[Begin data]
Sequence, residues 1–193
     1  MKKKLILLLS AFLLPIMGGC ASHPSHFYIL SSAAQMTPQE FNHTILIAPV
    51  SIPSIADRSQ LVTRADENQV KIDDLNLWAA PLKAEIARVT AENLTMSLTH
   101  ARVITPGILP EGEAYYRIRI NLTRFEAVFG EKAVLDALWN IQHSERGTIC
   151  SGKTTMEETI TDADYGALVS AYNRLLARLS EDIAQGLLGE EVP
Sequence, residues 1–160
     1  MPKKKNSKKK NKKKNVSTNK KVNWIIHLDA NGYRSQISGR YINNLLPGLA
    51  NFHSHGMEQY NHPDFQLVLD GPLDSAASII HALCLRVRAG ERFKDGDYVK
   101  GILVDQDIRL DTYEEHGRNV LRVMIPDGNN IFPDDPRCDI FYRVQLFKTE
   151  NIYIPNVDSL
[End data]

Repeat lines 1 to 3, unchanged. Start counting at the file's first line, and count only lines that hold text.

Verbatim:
Sequence, residues 1–193
     1  MKKKLILLLS AFLLPIMGGC ASHPSHFYIL SSAAQMTPQE FNHTILIAPV
    51  SIPSIADRSQ LVTRADENQV KIDDLNLWAA PLKAEIARVT AENLTMSLTH